I've been surprised that I've seen so little mention in science-fiction circles of the April 9th death of visionary architect Paolo Soleri. Soleri originated the term "arcology".
The idea of an arcology is an imploded city, the opposite of sururban sprawl. His massive book, THE CITY IN THE IMAGE OF MAN (1969), featured drawings of massive (but relatively small-footprint) self-contained cities, cities that reached high into the sky and deep into the ground. Because they were designed to be self-contained and self-supporting, they could be located in marginal areas. (One design was for a city using air-space by spanning a section of the Grand Canyon.)
A 2011 article on ARCH DAILY gave a good overview of his life and career. He spent more than forty years slowly building a small-scale version (5,000 intended population) arcology, Arcosanti, still not complete, in rural Arizona, assisted by students and acolytes. With shoestring funding (mostly by sales of ceramic and metal bells made by Soleri) and built largely with hand labor, even the fraction completed so far is impressive.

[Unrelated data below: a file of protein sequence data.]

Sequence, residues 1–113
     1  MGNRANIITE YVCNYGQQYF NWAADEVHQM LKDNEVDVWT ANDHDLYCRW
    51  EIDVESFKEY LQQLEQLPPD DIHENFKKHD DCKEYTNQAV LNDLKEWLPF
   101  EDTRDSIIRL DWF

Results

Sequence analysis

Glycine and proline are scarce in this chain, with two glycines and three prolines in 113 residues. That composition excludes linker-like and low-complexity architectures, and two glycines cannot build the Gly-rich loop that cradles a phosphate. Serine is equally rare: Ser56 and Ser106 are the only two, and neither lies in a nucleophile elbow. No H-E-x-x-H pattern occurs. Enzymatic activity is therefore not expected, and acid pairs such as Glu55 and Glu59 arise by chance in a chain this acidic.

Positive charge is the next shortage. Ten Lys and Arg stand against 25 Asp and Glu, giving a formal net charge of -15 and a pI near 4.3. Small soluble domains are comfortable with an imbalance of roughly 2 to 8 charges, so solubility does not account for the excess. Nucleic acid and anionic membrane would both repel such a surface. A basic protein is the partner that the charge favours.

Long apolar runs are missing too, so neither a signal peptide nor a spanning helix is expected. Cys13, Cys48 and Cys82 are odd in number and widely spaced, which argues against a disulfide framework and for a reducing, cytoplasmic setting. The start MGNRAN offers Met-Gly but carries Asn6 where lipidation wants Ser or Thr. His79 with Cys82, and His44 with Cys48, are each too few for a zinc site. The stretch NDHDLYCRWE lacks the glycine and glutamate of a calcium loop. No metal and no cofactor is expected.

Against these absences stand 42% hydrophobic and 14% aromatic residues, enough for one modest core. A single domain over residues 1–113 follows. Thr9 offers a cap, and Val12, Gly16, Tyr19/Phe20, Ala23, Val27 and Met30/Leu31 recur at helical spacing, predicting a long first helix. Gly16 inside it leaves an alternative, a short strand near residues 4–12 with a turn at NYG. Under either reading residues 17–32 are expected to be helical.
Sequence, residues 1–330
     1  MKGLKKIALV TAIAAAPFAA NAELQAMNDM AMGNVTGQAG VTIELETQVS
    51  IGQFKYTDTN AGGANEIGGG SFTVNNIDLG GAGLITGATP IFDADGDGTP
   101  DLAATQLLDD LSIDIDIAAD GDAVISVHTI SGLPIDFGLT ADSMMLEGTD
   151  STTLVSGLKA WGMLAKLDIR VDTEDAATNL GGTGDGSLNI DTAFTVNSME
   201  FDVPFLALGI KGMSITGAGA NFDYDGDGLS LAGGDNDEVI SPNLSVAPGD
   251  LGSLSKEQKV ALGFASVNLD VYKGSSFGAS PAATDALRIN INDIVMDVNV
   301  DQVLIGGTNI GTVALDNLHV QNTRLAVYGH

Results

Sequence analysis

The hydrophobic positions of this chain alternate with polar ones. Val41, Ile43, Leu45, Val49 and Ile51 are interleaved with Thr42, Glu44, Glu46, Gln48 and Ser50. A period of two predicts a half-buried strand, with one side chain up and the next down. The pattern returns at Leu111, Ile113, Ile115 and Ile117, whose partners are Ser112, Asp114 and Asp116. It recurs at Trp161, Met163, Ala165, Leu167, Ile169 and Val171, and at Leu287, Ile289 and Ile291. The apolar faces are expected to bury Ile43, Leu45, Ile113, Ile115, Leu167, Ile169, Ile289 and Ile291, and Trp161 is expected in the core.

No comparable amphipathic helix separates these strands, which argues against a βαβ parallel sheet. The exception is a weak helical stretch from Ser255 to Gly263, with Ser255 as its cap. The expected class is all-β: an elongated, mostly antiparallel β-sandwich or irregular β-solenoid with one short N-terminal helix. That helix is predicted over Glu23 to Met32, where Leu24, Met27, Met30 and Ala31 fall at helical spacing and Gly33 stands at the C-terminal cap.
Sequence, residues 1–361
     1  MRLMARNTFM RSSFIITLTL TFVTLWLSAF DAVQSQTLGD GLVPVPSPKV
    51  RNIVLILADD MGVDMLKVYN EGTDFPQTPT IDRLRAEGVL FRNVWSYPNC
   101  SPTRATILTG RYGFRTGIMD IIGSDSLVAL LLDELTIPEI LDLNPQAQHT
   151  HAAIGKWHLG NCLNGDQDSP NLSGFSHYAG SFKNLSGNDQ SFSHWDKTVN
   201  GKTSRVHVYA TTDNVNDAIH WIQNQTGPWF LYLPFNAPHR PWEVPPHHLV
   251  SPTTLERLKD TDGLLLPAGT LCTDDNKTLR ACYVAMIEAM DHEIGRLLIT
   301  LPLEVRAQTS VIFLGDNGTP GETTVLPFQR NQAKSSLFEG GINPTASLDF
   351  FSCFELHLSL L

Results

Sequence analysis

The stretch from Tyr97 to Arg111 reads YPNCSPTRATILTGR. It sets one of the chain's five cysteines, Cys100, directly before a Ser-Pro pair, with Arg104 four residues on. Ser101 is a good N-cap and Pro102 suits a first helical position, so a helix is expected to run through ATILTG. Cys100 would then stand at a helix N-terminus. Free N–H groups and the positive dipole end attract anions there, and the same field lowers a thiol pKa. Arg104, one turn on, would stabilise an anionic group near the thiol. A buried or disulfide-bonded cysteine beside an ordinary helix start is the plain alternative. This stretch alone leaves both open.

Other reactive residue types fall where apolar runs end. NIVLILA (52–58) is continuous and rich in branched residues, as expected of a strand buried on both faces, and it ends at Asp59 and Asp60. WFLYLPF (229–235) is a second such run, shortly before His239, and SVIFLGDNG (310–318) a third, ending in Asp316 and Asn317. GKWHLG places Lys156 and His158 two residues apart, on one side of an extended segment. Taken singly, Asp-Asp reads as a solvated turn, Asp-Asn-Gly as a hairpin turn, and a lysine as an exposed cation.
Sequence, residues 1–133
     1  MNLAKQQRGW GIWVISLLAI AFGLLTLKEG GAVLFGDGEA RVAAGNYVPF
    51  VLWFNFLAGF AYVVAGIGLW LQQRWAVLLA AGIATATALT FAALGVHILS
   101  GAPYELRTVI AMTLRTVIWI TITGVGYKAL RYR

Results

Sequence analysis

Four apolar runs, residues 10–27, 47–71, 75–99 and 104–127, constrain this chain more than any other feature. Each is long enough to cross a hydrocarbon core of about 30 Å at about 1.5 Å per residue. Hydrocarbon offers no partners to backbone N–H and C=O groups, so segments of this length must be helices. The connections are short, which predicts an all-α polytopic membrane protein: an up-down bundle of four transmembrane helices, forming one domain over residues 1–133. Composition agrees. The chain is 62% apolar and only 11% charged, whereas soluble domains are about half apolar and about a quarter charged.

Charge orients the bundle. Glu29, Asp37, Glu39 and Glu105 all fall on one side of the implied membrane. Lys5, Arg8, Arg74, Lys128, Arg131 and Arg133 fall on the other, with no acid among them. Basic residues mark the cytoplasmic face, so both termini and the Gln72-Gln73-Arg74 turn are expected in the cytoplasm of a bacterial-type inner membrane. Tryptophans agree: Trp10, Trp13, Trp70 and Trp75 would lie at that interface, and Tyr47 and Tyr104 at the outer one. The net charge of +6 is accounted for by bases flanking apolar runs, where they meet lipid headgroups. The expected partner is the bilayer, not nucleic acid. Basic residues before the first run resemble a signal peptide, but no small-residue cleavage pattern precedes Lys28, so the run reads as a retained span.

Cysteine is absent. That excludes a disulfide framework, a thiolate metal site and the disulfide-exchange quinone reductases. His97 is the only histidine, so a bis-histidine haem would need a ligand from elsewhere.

I believe Soleri's work was one of the big inspirations for Robert Silverberg's "Urban Monad" stories (collected as THE WORLD INSIDE), tales of life inside mile-high skyscraper-cities. Soleri's work and ideas have influenced other writers' "future cities" as well.
Personally, I came across a copy of CITY IN THE IMAGE OF MAN in the Arizona State University library in the early 1970's. (It's fair to call it a coffee-table book; it's literally about the size of a coffee-table top.) "Wow," I said as I paged through it. "Wow." Sensawunda extreme.
Soleri may not have been a science-fiction writer, but his vision and ideas have surely influenced the field. So, again, I'm surprised that I haven't seen more SF people commenting on his death.
|Paolo Soleri, 1919-2013|